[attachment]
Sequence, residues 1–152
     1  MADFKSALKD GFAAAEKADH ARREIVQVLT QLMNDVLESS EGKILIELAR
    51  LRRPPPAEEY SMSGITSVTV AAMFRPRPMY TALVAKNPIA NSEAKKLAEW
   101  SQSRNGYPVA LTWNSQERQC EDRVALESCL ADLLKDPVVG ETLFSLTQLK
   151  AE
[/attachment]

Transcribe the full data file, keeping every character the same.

Sequence, residues 1–152
     1  MADFKSALKD GFAAAEKADH ARREIVQVLT QLMNDVLESS EGKILIELAR
    51  LRRPPPAEEY SMSGITSVTV AAMFRPRPMY TALVAKNPIA NSEAKKLAEW
   101  SQSRNGYPVA LTWNSQERQC EDRVALESCL ADLLKDPVVG ETLFSLTQLK
   151  AE